3 Easy Ways to Improve Your Bottom Line
Originally published: 05.01.10 by Ruth King
Businesses can improve profitability in many ways. Some require making substantial investments, such as buying new equipment to add services or expanding marketing efforts. There are inexpensive ways to improve profitability as well.
Here are three of them:
1. Increase average sales price.
What would happen if you increased revenues oneach service by just $10 per ticket? The technician is already there. Most of that $10 would fall to he bottom line. If you generate 1,000 service tickets per year, you could generate almost $10,000 more in profit. How do you do this? Start with your service technicians. They are your eyes and ears in the field. It is their responsibility to do what is good for the customer, which means observing what is going on in the customer’s environment. They need to be trained to look for things that will increase the customer’s comfort and prevent the customer from paying for unexpected repairs in the future.Obviously, the technician shouldn’t change parts that are still good or charge the customer for things they don’t need. The technician’s job is to educate the customer and reveal what could cause potential problems.One of the most commonly missed sales opportunities is when a customer pays only a diagnostic charge. In most cases, the technician is the problem. Either thec ustomer didn’t trust the technician, or the technician didn’t do a thorough diagnostic of the system. For example, if a breaker has tripped, find out why the breaker tripped. Fix the disease rather than the symptom. Write everything down. Technicians will find dirty systems, out-of-balance blower wheels, worn bearings, leaks, etc. Bring these to the attention of the customer and quote the repair on the service ticket. Many times the customer will say yes. That’s additional work on the same service ticket. If the customer says no, then you have potential work to do in slower times of the year. A copy of this ticket goes into your tickler file. What would happen if you added $100 or more to each equipment proposal? Offering options can do this. Asking the right questions while in the home generates potential zoning and IAQ sales. If you don’t discuss these options, the customer will never know about them. And, you’ve lost the opportunity to educate her and make a sale —either now or at a later date.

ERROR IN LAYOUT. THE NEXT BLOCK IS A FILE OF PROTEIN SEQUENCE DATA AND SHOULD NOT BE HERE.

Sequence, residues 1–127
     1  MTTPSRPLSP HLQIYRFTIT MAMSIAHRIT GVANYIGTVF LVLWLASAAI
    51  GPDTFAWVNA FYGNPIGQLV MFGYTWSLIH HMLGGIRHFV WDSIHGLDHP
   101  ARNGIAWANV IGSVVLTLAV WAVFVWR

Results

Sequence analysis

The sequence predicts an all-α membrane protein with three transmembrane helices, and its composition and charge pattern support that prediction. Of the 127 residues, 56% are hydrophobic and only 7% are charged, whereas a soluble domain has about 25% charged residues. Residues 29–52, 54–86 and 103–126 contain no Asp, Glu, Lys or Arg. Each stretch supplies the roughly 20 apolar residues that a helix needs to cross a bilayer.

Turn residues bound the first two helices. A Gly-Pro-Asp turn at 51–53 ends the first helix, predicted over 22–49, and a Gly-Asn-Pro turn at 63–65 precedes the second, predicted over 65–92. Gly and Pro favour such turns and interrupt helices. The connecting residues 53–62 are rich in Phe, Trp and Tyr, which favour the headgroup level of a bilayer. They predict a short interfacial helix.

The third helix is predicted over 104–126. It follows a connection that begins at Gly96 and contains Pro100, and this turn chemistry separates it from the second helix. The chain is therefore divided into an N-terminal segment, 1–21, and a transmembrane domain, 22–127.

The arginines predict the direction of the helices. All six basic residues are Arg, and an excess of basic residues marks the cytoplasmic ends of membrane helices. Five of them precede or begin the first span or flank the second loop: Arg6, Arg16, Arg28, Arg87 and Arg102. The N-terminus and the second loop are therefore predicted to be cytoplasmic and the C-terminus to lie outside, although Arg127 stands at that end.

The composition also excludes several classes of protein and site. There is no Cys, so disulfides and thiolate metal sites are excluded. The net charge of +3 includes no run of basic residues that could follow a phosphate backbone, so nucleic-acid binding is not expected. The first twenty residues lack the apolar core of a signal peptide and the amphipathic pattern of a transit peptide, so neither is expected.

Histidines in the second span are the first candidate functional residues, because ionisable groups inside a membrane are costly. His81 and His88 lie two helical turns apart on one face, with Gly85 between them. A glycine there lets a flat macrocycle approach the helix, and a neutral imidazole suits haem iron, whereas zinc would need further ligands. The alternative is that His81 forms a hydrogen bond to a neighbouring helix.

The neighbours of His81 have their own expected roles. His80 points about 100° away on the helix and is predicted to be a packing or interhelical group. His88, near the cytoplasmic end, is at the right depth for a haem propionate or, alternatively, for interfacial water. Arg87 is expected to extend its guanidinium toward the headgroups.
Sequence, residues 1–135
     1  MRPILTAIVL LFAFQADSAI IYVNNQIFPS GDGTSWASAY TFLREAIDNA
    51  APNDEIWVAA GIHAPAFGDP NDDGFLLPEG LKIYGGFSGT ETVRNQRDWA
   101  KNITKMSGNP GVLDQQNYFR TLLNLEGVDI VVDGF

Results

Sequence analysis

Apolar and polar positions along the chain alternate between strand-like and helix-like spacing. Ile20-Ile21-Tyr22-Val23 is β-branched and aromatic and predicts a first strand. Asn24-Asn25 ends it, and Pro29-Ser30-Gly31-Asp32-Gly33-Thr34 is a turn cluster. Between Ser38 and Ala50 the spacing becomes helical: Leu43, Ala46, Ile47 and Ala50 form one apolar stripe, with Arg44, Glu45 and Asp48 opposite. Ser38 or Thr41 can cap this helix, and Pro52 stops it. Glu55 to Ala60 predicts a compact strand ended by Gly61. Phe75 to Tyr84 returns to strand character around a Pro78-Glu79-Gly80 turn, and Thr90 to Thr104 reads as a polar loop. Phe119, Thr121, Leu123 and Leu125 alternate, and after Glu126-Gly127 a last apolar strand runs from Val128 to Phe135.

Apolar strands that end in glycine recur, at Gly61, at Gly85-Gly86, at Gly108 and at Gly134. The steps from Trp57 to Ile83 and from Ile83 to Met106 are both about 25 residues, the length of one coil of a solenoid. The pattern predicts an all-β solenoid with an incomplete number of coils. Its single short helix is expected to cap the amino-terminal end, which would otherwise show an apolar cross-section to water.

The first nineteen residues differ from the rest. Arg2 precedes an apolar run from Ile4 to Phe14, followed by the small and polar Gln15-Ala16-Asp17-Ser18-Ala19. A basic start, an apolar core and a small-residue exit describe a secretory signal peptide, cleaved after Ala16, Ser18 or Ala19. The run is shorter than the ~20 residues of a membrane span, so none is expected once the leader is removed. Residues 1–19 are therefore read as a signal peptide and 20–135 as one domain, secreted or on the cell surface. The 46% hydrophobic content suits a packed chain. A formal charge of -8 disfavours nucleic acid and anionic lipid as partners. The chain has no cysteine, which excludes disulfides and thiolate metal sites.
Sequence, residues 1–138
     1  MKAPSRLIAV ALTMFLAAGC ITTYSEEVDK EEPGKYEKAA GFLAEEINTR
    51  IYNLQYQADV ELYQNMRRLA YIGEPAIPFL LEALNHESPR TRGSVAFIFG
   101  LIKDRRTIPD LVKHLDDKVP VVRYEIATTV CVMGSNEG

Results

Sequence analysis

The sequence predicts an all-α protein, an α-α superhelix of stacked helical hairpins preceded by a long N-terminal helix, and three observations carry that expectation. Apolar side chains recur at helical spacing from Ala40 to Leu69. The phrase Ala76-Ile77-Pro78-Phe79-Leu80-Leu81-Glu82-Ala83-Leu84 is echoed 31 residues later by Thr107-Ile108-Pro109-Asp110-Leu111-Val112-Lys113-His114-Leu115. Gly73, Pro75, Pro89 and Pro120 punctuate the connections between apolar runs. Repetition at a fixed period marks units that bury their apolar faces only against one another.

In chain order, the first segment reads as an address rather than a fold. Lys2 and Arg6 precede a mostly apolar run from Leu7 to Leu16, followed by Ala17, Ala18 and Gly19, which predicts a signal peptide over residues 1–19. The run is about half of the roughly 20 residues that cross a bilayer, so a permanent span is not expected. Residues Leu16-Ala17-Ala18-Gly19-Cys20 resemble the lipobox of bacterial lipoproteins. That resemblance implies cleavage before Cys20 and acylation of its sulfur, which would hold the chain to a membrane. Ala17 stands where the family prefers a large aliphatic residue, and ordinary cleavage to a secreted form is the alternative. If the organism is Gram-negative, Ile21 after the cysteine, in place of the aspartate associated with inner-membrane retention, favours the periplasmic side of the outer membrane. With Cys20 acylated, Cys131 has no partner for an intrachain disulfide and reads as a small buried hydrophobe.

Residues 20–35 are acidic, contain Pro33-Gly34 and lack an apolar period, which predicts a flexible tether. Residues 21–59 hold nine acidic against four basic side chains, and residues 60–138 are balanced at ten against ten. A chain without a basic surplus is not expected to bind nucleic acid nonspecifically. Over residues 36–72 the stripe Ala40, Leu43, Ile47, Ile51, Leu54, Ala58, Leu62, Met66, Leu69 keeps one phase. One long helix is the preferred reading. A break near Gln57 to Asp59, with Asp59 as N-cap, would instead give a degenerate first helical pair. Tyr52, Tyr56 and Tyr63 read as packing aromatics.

2. Control inventory.
Inventory is a bet. Yet, I still see contractors wasting their hard-earned money on inventory bets, even after 20-plus years in this industry. It amazes me how many thousands of dollars are wasted in broken and damaged parts as well as inventorythat was bought but never used. Go into your warehouse and look around. Look in all of your trucks. How many old, damaged, or otherwise unusable parts do you see? Suppliers can’t use obsolete inventory. You might sell some of it on eBay, donate it to a technical school, or lower your profits by writing it off. I see chaos in warehouses every day. Technicians and installers have the run of the warehouse. They choose the parts they need for a job. They have a shopping cart with no cap on spending. They can fill it to their heart’s content. Do not give your employees run of the warehouse. It’s like giving them a blank check. They don’t even think twice about taking the materials and tools they “might need.” They don’t have to pay the bill — and after all, you’re the owner and can afford it! Use these procedures:
• Make sure the warehouse is locked up when warehouse operators are not handling inventory.
• Use materials checklists for all jobs.
• Have warehouse operators pull inventory for the scheduled jobs and place the materials in a staging area.
• Have crews load their trucks from the staging area, with the lead tech signing off on what inventory was loaded on the truck.
• Any inventory that is not used at theend of the day needs to be returned to the warehouse. It takes a little time to reset procedures.You will encounter resistance from field labor who are used to having free reign. They’ll say, “Don’t you trust us?” The answer is no. Tell them, “You might take a part with all of the intentions of writing it down, but be rushed and forget.”
3. Increase labor productivity.
You have only about 2,000 hours for each employee. If you can bill 2,000 hours to customers for each field employee, you have that employee’s maximumproduction excluding overtime. However, even with overtime, the field employee often bills the company more than he bills your customers. In March I wrote about ways to increase field productivity. Here are ways to increase office productivity:
• Separate people. If two people aresitting close to each other, they talk.And, the talk usually isn’t about work.This decreases your productivity.
• Offer bonuses based on the bottomline profit of your company. The office personnel will put pressure onthose employees who are not pullingtheir weight because their nonproductivitywill affect bonuses.
• Ask your office personnel how toeliminate $100 per month in expense. They often have easy-to-implementideas that can improve your bottom line. Even if you don’t’ have a lot of cash to invest in your business right now, you can still improve profitability. Increasing average sales prices (even slightly), controlling inventory, and improving labor productivity often lead to increases in your bottom line.
Ruth King has over 25 years of experiencein the hvacr industry and has workedwith contractors, distributors, andmanufacturers to help grow their companiesand to become more profitable. She ispresident of HVAC Channel TV and holds aClass ll (unrestricted) contractors license inGeorgia. Ruth has authored two books:The Ugly Truth about Small Business andThe Ugly Truth about Managing People.Contact Ruth at www.hvacchannel.com or770-729-0258.